Zenfolio | MDORN Photography | Facebook Sharpening & Piracy

Facebook Sharpening & Piracy

October 25, 2014  •  Leave a Comment

I suspect not many Facebook users really think about sharpening their photos before posting. And it may seem odd to include piracy in the same blog---certainly, each can stand alone, but since they relate so nicely together, I thought I'd combine them.

For sharpening, if you don't have the right tools on the device you are using to post, it's not going to happen. Furthermore, is it even worth it? For candid spontaneous selfie shots probably not, but if you have the time and the tools, I think it is.

Most know by now that Facebook resizes (downsizes) images automatically if you try to upload anything larger than 2048x2048 (see Facebook Photos Cheat Sheet below) . Many DSLRs can produce images greater than 12MP (4000x3000), so if you post images directly from your camera, then Facebook will automatically resize them. In this process, your images get compressed and lose sharpness, among other things (this applies to other social media sites as well).



















As far as piracy is concerned, at the max Facebook size you can print a fairly good quality 5x7. To avoid other not-so-friendly users from stealing your work, posting photos at about 640x480 (4:3 aspect ratio) or 630x420 (3:2 aspect ratio) is best. At this size, the print quality drops significantly. In fact, it's almost unusable. However, the Web quality is still very good. If you resize smaller than this, it starts to work against your intention of showcasing your work at it's best (in my opinion). Don't concern yourself with DPI---this is Dots Per Inch and relates to prints, not the Web.

Of course, there are still pirates out there who would steal your images for Web uses (i.e. Web design, online advertising, etc.), so the only way to really protect your work is to not post anything on the Internet <period>. How practical is this, especially if you have a web-based business?

Nevertheless, to showcase your images on Facebook with the best sharpness for the Web, you should resize first, then apply sharpening. Some photo editors (i.e. Lightroom) apply "output sharpening" for you automatically, but many don't. The type of sharpening and how much is entirely dependent on the image detail and image size. I was surprised to find that there are entire books written on the subject of sharpening.

So the next time you post a photo on Facebook, there are two things to remember:

  1. If you want to avoid the possibility of your photos looking blurry, resize them first, then sharpen before uploading.
  2. If you are worried about someone stealing your photos, never upload anything to the Internet (Facebook or otherwise). However, if you are willing to assume a small amount of risk, then 640x480 is a good place to start (I generally use 1200x800).


Note: The question of who has copyright of your photos after posting to Facebook comes up a lot. The short answer is YOU retain copyright of your photos. Moreover, you are not giving up copyright by posting your photos on Facebook, but rather you are agreeing to let Facebook use your photos as they see fit. Some might say there is no difference, but there is.

If someone downloaded your photo from Facebook and used it for personal and/or business gain, then you have a right to sue for damages---provided you can show damages. If you want to make sure your photos are properly documented as being your work, then you need to register each photo with the copyright office.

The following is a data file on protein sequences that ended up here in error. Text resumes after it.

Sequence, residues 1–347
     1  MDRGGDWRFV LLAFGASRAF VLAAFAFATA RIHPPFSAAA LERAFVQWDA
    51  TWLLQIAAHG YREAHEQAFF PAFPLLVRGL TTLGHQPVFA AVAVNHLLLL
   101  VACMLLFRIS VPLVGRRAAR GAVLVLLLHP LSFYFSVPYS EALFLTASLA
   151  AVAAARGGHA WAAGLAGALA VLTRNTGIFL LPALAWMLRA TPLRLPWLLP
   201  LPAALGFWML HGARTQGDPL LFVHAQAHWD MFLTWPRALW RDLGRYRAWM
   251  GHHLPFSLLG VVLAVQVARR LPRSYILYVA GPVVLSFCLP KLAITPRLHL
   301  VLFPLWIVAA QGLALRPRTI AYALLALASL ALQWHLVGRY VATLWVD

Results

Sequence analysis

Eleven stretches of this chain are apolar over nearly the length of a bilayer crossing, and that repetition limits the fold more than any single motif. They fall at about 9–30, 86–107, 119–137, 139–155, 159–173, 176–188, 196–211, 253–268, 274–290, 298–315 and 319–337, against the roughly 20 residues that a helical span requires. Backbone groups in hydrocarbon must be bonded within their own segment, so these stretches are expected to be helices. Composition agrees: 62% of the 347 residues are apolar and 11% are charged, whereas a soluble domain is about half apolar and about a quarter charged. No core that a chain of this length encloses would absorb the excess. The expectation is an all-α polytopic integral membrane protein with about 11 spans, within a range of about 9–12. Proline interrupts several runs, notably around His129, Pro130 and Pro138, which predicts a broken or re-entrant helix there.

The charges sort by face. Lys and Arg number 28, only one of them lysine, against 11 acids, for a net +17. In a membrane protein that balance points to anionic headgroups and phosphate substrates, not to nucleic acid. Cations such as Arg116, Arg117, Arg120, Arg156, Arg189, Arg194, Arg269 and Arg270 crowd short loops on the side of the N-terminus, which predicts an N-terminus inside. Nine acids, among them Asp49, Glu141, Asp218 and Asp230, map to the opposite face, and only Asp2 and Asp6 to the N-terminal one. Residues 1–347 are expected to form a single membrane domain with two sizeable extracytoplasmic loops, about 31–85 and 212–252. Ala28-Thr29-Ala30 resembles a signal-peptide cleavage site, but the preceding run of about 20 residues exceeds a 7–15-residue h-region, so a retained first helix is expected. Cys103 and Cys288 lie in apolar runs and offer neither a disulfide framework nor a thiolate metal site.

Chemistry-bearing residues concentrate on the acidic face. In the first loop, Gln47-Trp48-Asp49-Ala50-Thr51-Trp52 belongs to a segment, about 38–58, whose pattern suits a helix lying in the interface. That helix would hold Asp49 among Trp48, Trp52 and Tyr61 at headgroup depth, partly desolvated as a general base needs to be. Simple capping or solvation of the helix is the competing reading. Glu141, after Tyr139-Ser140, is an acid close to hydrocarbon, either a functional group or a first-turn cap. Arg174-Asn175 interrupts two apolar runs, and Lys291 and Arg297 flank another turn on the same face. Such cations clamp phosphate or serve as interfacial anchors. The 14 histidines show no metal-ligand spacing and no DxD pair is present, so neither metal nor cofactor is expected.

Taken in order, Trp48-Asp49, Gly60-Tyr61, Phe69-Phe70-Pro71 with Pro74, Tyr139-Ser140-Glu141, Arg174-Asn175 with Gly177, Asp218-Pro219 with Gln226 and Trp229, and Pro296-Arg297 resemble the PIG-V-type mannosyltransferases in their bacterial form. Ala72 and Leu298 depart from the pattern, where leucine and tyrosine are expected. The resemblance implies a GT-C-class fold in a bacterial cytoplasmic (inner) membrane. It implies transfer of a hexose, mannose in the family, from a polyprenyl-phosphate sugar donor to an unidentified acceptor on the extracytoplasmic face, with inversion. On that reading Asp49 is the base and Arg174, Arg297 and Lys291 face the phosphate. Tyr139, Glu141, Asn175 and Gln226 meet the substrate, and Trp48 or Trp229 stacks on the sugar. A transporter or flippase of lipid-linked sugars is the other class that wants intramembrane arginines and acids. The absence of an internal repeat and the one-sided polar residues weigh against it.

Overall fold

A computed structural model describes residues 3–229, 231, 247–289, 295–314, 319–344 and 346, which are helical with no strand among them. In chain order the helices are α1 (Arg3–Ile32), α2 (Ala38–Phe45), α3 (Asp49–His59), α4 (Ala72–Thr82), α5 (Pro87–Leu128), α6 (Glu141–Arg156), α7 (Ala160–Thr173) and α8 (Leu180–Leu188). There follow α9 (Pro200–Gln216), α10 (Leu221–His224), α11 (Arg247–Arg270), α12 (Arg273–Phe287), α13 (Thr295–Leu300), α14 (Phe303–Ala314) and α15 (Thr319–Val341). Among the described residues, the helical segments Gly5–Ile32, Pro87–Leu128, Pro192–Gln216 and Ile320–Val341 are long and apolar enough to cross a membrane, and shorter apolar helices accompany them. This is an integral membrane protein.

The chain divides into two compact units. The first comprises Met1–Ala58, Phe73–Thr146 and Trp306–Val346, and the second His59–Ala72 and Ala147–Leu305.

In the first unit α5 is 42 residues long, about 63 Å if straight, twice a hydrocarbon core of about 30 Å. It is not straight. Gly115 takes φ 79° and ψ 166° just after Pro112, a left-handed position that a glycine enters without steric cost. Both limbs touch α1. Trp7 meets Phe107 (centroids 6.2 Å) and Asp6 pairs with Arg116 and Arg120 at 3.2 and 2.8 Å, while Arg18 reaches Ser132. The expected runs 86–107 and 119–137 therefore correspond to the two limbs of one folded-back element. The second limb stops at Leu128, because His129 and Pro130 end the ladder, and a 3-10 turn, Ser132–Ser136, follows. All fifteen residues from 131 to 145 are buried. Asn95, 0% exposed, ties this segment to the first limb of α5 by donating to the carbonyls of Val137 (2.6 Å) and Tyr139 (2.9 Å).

Facebook Terms and Conditions

Sharing Your Content and Information

You own all of the content and information you post on Facebook, and you can control how it is shared through your privacy and application settings. In addition:

  1. For content that is covered by intellectual property rights, like photos and videos (IP content), you specifically give us the following permission, subject to your privacy and application settings: you grant us a non-exclusive, transferable, sub-licensable, royalty-free, worldwide license to use any IP content that you post on or in connection with Facebook (IP License). This IP License ends when you delete your IP content or your account unless your content has been shared with others, and they have not deleted it.
  2. When you delete IP content, it is deleted in a manner similar to emptying the recycle bin on a computer. However, you understand that removed content may persist in backup copies for a reasonable period of time (but will not be available to others).
  3. When you use an application, the application may ask for your permission to access your content and information as well as content and information that others have shared with you.  We require applications to respect your privacy, and your agreement with that application will control how the application can use, store, and transfer that content and information.  (To learn more about Platform, including how you can control what information other people may share with applications, read our Data Use Policy and Platform Page.)
  4. When you publish content or information using the Public setting, it means that you are allowing everyone, including people off of Facebook, to access and use that information, and to associate it with you (i.e., your name and profile picture).
  5. We always appreciate your feedback or other suggestions about Facebook, but you understand that we may use them without any obligation to compensate you for them (just as you have no obligation to offer them).


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